The Remarkable Rocket

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Playwright, poet, essayist, flamboyant man-about-town, Oscar Wilde pack an astonishing amount of work, genius, and controversy into two short decades, producing masterworks in every literary genre. This selection includes almost all of his short stories, including "The Canterville Ghost," "The Fisherman and his Soul," and "The Remarkable Rocket."

Alongside THE MODEL MILLIONAIRE, Harper Perennial will publish the short fiction of Fyodor Dostoevsky, Herman Melville, Willa Cather, Leo Tolstoy, and Stephen Crane to be packaged in a beautifully designed, boldly colorful boxset in the aim to attract contemporary fans of short fiction to these revered masters of the form. Also, in each of these selections will appear a story from one of the new collections being published in the "Summer of the Short Story." A story from Simon Van Booy's forthcoming collection, LOVE BEGINS IN WINTER, will be printed at the back of this volume.

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Oscar Wilde
This carefully crafted ebook is formatted for your eReader with a functional and detailed table of contents of the complete works of Oscar Wilde, containing more than 150 works. Oscar Fingal O'Flahertie Wills Wilde (1854 – 1900) was an Irish writer and poet. After writing in different forms throughout the 1880s, he became one of London's most popular playwrights in the early 1890s. Today he is remembered for his epigrams and plays, and the circumstances of his imprisonment which was followed by his early death. At the turn of the 1890s, he refined his ideas about the supremacy of art in a series of dialogues and essays, and incorporated themes of decadence, duplicity, and beauty into his only novel, The Picture of Dorian Gray (1890). The opportunity to construct aesthetic details precisely, and combine them with larger social themes, drew Wilde to write drama. He wrote Salome (1891) in French in Paris but it was refused a licence. Unperturbed, Wilde produced four society comedies in the early 1890s, which made him one of the most successful playwrights of late Victorian London. At the height of his fame and success, while his masterpiece, The Importance of Being Earnest (1895), was still on stage in London, Wilde had the Marquess of Queensberry, the father of his lover, Lord Alfred Douglas, prosecuted for libel, a charge carrying a penalty of up to two years in prison. The trial unearthed evidence that caused Wilde to drop his charges and led to his own arrest and trial for gross indecency with other men. After two more trials he was convicted and imprisoned for two years' hard labour. In 1897, in prison, he wrote De Profundis which was published in 1905, a long letter which discusses his spiritual journey through his trials, forming a dark counterpoint to his earlier philosophy of pleasure. Upon his release he left immediately for France, never to return to Ireland or Britain. There he wrote his last work, The Ballad of Reading Gaol (1898), a long poem commemorating the harsh rhythms of prison life. He died destitute in Paris at the age of forty-six. Content: The Plays: VERA, THE DUCHESS OF PADUA, LADY WINDERMERE’S FAN, A WOMAN OF NO IMPORTANCE, SALOMÉ, SALOME (English Version), AN IDEAL HUSBAND, THE IMPORTANCE OF BEING EARNEST. The Poetry: more than 100 poems. The Novel: THE PICTURE OF DORIAN GRAY, including THE REVISED 20 CHAPTER VERSION. The Short Stories: THE PORTRAIT OF MR. W. H., THE HAPPY PRINCE AND OTHER TALES, A HOUSE OF POMEGRANATES, LORD ARTHUR SAVILE’S CRIME AND OTHER STORIES. The Non-Fiction: THE DECAY OF LYING, PEN, PENCIL AND POISON — A STUDY IN GREEN, THE CRITIC AS ARTIST, THE TRUTH OF MASKS, THE RISE OF HISTORICAL CRITICISM, THE ENGLISH RENAISSANCE OF ART, HOUSE DECORATION, ART AND THE HANDICRAFTSMAN, LECTURE TO ART STUDENTS, LONDON MODELS, POEMS IN PROSE, THE SOUL OF MAN UNDER SOCIALISM, PHRASES AND PHILOSOPHIES FOR THE USE OF THE YOUNG, A FEW MAXIMS FOR THE INSTRUCTION OF THE OVER-EDUCATED, DE PROFUNDIS, OSCAR WILDE’S LETTER TO ROBERT BROWNING, PERSONAL IMPRESSIONS OF AMERICA, THE DECORATIVE ARTS, THE HOUSE BEAUTIFUL, THE TRUTH OF MASKS. The Journalism: A HANDBOOK TO MARRIAGE, A RIDE THROUGH MOROCCO, ARISTOTLE AT AFTERNOON TEA, BALZAC IN ENGLISH, DINNERS AND DISHES, HAMLET AT THE LYCEUM, LONDON MODELS, MR MORRIS ON TAPESTRY, MR WHISTLER’S TEN O’CLOCK, MRS LANGTRY AS HESTER GRAZEBROOK, OLIVIA AT THE LYCEUM, THE AMERICAN INVASION, TWO BIOGRAPHIES OF KEATS, TWO LETTERS TO THE DAILY CHRONICLE, WOMAN’S DRESS. Apocrypha: TELENY.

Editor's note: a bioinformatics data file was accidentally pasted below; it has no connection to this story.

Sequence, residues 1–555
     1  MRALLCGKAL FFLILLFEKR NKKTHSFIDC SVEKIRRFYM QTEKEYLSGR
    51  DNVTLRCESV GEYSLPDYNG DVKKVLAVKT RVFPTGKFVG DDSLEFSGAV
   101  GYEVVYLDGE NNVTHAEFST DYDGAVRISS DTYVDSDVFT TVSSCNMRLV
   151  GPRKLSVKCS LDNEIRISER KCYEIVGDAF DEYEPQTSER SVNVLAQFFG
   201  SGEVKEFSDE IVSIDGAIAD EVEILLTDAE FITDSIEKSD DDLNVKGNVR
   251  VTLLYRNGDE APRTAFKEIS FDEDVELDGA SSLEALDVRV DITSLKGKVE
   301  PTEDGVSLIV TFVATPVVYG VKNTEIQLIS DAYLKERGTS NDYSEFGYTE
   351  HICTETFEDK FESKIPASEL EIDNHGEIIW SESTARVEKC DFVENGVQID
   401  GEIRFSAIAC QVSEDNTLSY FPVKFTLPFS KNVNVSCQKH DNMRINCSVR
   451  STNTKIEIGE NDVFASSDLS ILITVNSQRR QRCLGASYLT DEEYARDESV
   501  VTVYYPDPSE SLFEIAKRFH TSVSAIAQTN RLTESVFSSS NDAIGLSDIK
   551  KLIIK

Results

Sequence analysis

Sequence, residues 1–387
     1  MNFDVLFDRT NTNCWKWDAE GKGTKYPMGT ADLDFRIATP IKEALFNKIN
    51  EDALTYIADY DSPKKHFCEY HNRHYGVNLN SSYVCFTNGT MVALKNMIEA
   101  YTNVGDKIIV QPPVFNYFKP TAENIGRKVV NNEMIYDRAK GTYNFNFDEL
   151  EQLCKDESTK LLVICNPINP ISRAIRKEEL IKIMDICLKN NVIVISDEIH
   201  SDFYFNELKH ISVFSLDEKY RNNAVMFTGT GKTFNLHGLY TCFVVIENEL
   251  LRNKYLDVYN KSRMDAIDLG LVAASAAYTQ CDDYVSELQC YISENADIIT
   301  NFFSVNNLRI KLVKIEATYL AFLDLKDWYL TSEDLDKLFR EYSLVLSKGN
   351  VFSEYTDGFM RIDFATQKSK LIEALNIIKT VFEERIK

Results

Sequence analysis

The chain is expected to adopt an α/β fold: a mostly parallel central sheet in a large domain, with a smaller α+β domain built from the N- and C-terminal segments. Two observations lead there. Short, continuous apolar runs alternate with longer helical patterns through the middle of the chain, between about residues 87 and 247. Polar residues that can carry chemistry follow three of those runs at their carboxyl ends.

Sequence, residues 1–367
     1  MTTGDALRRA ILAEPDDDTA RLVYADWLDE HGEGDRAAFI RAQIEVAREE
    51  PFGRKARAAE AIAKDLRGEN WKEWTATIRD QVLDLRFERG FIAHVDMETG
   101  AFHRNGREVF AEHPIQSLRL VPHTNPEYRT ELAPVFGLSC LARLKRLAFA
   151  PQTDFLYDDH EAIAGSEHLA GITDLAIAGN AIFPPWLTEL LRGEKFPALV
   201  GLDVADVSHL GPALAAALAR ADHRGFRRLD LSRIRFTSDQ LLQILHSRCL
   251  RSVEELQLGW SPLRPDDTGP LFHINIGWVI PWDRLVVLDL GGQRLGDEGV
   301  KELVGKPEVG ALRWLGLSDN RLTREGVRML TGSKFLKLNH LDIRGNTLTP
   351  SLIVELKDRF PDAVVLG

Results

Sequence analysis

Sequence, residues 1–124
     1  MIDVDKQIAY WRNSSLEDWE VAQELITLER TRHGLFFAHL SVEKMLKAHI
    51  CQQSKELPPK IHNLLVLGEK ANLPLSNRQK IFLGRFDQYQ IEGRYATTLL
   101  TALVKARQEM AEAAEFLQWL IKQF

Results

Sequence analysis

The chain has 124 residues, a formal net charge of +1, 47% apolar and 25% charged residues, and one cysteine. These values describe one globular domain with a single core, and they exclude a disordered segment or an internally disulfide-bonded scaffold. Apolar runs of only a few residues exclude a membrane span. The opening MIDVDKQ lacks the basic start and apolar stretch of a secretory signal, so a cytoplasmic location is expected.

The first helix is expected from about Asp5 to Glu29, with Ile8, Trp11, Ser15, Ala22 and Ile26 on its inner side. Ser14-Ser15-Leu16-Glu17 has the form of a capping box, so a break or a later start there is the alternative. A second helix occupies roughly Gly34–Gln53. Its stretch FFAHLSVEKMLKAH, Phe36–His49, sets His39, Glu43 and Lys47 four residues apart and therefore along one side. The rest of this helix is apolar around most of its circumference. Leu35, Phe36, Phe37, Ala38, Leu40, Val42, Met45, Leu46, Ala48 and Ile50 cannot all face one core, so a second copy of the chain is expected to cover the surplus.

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Publisher
Harper Collins
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Published on